As Conroy was the only candidate present, he was the only one posed with questions, such as his casinos position. Conroy said he opposed them (all of the Treasurer candidates are on record in opposition), saying it would cannibalize the lottery and with it local aide. “We shouldn’t be gambling our local aide dollars by gambling on casinos.”
Gentile spoke first for the AG race. She eschewed the lengthy details Tolman’s campaign had for her and stuck to the bullet points on his campaign. Specifically, she noted Tolman’s plans to combat sexual abuse on college campuses, stem the opiate crisis and implement smart gun regulations. She said that while Tolman was not there that day, he would be in Western Mass frequently while on the campaign trail.
Healey took the stage next with an energetic opening, pleased to be able to attend the event, “When I get in the car, get on the Pike, there is a big smile on my face.” In her intro she noted, among other things, her decision to take a “70 percent pay cut” to leave the private sector and go work in the attorney general’s office.
She outlined proposals for criminal justice reform such as ending mandatory minimums. However, she said that was only one component of such reform, which needs to include the fight against drug abuse and for better reentry programs to provide support to inmates leaving the system.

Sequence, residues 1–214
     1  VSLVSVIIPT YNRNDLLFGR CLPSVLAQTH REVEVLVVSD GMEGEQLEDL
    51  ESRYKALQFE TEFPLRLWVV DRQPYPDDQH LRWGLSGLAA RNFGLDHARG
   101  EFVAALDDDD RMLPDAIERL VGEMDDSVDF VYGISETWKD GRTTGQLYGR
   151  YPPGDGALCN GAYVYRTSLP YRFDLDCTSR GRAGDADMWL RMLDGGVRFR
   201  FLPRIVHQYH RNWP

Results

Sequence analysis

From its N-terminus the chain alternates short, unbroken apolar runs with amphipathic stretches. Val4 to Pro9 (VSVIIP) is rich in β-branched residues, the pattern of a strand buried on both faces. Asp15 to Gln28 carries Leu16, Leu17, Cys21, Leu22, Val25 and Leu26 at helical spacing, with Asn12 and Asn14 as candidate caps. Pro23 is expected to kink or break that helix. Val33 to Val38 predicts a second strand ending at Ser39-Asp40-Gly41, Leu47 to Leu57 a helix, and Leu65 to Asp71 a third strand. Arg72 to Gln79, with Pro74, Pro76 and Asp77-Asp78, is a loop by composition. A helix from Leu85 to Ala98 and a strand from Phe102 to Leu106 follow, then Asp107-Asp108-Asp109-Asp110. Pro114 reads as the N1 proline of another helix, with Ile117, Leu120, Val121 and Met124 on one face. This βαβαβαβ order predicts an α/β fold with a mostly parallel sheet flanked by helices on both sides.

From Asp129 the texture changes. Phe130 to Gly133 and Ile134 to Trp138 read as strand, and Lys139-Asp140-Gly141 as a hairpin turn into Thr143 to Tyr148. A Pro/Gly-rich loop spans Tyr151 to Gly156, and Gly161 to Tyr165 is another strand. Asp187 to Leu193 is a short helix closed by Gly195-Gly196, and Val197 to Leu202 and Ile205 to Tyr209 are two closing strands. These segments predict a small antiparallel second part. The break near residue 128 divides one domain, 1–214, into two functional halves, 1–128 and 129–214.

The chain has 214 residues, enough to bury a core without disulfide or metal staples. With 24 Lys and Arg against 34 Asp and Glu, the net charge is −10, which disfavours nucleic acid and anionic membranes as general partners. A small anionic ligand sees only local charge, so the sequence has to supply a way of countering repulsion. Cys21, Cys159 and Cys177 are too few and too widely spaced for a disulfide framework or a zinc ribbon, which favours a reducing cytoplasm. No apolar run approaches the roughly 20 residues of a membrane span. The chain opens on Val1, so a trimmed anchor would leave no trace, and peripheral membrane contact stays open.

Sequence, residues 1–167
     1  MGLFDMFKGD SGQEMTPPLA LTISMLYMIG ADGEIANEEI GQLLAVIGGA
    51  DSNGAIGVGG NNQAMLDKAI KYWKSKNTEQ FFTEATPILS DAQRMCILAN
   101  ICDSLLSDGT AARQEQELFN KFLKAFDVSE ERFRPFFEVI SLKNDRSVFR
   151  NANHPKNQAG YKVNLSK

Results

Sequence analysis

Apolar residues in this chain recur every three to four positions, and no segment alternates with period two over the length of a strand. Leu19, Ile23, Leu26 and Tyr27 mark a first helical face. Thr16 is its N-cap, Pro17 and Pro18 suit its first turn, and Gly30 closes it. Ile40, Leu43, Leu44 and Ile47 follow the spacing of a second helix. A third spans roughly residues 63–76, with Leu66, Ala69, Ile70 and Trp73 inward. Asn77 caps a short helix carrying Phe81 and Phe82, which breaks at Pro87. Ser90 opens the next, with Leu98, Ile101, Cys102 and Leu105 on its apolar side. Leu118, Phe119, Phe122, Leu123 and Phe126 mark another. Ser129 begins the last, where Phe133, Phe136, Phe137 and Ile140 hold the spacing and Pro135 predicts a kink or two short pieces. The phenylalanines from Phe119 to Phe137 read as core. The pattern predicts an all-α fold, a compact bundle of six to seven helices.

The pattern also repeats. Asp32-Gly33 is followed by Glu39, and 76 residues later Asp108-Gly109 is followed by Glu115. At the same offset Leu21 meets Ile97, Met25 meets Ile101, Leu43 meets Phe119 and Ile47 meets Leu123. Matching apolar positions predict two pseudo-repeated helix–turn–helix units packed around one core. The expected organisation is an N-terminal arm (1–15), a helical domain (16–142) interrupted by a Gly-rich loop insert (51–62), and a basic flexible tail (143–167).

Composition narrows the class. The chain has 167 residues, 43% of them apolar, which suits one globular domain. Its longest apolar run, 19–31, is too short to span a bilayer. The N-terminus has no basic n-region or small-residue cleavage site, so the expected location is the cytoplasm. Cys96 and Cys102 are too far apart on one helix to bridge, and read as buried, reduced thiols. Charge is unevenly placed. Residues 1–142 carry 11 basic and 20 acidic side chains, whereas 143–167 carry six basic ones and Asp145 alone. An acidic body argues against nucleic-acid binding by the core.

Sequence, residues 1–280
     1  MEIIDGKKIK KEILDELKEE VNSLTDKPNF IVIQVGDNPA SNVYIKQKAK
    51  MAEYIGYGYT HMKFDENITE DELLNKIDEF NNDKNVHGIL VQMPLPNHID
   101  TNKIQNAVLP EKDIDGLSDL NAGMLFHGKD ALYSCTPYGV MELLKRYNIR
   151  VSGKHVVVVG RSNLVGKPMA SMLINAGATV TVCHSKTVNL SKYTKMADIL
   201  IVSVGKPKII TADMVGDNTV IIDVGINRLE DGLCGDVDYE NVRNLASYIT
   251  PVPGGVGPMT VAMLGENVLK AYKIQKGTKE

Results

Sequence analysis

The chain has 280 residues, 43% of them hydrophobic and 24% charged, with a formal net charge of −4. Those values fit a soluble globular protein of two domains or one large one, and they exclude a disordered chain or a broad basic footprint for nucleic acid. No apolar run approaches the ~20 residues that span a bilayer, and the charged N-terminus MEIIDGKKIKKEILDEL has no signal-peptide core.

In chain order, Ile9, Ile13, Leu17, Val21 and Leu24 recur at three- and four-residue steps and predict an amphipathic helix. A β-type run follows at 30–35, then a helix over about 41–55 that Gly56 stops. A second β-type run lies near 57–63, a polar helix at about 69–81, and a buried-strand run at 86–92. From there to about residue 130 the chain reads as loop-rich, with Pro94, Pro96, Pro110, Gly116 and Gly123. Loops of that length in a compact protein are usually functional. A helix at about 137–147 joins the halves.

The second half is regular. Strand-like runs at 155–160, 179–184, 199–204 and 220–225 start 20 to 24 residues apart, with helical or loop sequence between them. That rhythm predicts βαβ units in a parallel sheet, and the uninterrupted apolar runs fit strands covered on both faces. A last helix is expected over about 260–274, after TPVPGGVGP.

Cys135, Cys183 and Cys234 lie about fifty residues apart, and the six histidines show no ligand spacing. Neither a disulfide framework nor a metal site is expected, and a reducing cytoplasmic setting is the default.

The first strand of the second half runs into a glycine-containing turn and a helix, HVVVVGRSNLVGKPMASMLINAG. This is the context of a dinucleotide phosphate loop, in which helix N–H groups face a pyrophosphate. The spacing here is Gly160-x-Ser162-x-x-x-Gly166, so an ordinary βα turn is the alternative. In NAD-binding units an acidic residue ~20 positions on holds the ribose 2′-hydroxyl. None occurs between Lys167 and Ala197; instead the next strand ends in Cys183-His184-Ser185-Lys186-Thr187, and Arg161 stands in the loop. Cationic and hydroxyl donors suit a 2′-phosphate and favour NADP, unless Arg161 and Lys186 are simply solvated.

Having noted her own role in the DOMA case that enabled the US Government to recognize same-sex marriages, the next question asked where the next frontier on civil rights would be. Healey, who headed both that division and the consumer protection wing of the AG’s office, said she expected future battles to be on behalf of those with disabilities and mental health problems. She added there would be fights on women’s reproductive health and the transgender community too.
Healey closed by reiterating her experience running significant chunks of the AG’s office and noting her animated presentation. “As you can probably tell, I have a little bit of passion,” she said.
The convention next week may (or may not) cull the field ahead of the primary. As a practical matter that is all it will likely do for down ballot races. Narrative and analysis will focus on what the balloting for the governor’s race means. For the surviving candidates for LT, AG and Treasurer, there is another three months of events like this, albeit geared toward the broader primary electorate and not just delegates.